American scientists helped shepherd three COVID-19 vaccines from lab to jab in just under a year. More could soon win approval.
In many ways, our victory in the global race to develop pandemic-ending inoculations was predestined. For decades, our country has been the innovation capital of the world, producing about two in three new medicines.
But the United States now has a major potential competitor. China has designated biopharmaceuticals as one of its key sectors for innovation as part of its “Made in China 2025” initiative.
The United States needs to maintain its competitive edge in innovation. Sen. Ron Wyden is leading a bipartisan effort to craft legislation to deal with the China challenge across the entire U.S. economy. A central element must be a crackdown on the propensity of Chinese businesses and government to help themselves to U.S. technological innovations. We must protect our intellectual property from theft from abroad.
American innovation is no accident. It’s the direct result of strong intellectual property protections woven deeply into the fabric of the U.S. economy.
The idea behind such protection is that those who innovate should be able to reap a reward from doing so. A patent is an exclusive claim to take an innovation to market or to license others to develop it. It’s designed to prevent others from copying the product and selling the result as their own. The ability to reap a reward is what drives innovation.
The United States has recognized the importance of IP since our founding. The U.S. Constitution itself recognized patents as necessary “to promote the progress of science and useful arts” — and empowered Congress to write the rules governing such rights. During my time in the House of Representatives, I fought hard to ensure those protections remained strong.
In the case of medical innovation of the kind that produced Covid-19 vaccines in record time, the key moment came in 1980, when Congress recognized that a flaw in intellectual property protection was holding back innovation.
Before that time, the U.S. government essentially retained all the patent rights resulting from basic research done in government-funded labs. But there is a huge amount of additional research and development that must take place before such basic discoveries turn into new treatments for patients.
Developing a single new drug costs an average of $2.6 billion, taking into account the research lines that don’t pan out. With the government owning the intellectual property, however, no one had an incentive to fund that additional work. So discoveries languished in government-funded labs, their potential locked up tight.
In 1980, Congress passed legislation that granted those making the actual discoveries the patent rights, allowing them to license their innovations to private companies willing to invest in the research and development efforts required to bring a potential new treatment through the federal approval process to patients. The Bayh-Dole Act opened a floodgate of innovation. More than 4,000 medicines are currently in clinical development in the United States.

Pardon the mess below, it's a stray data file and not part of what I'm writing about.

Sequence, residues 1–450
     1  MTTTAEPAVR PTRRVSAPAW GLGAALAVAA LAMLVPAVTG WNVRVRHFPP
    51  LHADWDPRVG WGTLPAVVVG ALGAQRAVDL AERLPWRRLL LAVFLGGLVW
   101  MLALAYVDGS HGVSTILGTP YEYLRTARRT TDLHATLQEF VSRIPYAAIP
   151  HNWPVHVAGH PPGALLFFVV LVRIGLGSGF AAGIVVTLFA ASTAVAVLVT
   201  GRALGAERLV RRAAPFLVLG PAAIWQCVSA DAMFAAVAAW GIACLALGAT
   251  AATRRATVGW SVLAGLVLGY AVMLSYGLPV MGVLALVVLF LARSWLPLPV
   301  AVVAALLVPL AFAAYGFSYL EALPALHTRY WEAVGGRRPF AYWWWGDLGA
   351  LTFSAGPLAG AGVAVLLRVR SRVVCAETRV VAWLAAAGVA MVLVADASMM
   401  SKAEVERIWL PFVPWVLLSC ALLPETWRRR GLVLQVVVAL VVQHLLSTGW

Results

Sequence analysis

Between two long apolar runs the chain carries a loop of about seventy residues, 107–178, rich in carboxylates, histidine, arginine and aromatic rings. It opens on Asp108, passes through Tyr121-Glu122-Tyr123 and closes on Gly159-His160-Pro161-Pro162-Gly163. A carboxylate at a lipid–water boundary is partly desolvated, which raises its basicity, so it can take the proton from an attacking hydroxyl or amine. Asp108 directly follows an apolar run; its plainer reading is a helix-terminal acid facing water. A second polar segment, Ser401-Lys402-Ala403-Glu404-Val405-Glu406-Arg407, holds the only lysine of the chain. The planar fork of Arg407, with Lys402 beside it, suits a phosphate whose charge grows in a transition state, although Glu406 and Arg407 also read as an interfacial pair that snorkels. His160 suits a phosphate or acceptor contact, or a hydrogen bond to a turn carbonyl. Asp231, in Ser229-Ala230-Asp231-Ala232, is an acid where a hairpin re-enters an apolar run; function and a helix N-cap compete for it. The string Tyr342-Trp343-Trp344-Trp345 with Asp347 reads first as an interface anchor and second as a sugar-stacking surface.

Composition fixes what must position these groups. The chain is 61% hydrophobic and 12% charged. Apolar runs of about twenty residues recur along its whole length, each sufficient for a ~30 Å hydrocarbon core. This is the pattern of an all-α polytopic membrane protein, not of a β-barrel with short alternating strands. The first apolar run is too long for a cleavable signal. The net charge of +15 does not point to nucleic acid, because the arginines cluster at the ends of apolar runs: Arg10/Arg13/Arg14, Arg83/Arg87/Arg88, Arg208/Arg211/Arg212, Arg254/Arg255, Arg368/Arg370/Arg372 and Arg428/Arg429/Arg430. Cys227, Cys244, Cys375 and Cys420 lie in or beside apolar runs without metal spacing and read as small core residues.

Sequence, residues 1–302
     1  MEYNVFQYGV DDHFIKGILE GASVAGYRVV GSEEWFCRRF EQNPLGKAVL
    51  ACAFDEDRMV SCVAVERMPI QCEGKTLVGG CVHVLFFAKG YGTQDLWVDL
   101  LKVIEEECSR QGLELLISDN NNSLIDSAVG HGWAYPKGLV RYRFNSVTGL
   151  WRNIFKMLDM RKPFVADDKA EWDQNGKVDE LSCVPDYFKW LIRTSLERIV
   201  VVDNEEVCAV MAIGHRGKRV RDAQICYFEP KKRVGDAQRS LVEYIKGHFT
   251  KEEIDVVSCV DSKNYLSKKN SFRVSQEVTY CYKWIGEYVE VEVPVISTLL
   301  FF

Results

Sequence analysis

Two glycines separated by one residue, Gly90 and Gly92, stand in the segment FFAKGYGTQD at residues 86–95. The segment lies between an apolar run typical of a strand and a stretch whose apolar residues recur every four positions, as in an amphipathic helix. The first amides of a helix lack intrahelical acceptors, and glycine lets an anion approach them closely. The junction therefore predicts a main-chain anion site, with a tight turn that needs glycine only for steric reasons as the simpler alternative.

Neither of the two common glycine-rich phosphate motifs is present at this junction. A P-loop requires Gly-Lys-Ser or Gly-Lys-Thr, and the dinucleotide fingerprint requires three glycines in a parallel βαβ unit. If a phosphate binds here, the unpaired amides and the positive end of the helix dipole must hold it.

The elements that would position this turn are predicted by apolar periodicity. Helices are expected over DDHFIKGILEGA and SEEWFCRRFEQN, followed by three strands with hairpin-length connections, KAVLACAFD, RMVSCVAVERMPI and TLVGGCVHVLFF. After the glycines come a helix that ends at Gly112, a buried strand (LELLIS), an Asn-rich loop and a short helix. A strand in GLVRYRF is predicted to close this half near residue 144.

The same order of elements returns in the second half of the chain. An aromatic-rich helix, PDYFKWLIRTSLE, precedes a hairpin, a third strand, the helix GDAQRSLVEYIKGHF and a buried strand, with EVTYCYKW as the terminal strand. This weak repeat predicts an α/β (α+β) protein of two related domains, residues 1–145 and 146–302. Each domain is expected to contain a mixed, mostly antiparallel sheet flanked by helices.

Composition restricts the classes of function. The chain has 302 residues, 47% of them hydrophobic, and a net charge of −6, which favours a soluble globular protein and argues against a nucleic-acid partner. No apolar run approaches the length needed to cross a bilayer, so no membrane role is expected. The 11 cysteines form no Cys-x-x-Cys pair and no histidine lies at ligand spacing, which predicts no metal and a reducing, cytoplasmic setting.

That, in turn, is what made our research pharmaceutical companies ready for COVID-19. We have an abundance of labs with state-of-the-art equipment supporting some of the best scientists in the world. The COVID-19 vaccines from Moderna and Pfizer are based on breakthrough messenger RNA (mRNA) technology they have been developing for years.
In 2018 alone, the biopharmaceutical industry spent nearly $100 billion on U.S. research and development ventures. Without IP protections, that figure would plummet. The pipeline of new medicines would soon dry up. Even worse, our laboratory infrastructure would collapse, leaving us helpless when the next public health emergency arises. it
China, meanwhile, has been doing whatever it deems necessary to undermine intellectual property protection, from copying U.S. discoveries without permission to supporting an effort at the World Trade Organization to void American companies’ IP protections for COVID-19 vaccine-related discoveries.
The new challenge is global. It’s time for Congress to step up again — by rejecting any effort to weaken incentives for innovation at home and by cracking down on those seeking to undermine them abroad.
Ileana Ros-Lehtinen, a Distinguished Presidential Fellow at the University of Miami, represented Florida’s 27th congressional district in Congress from 1989 to 2019. She is a senior advisor at Akin Gump Strauss Hauer & Feld LLP, a law firm and lobbying firm in Washington, D.C. She does not do any lobbying and does not work with clients in the pharmaceutical industry.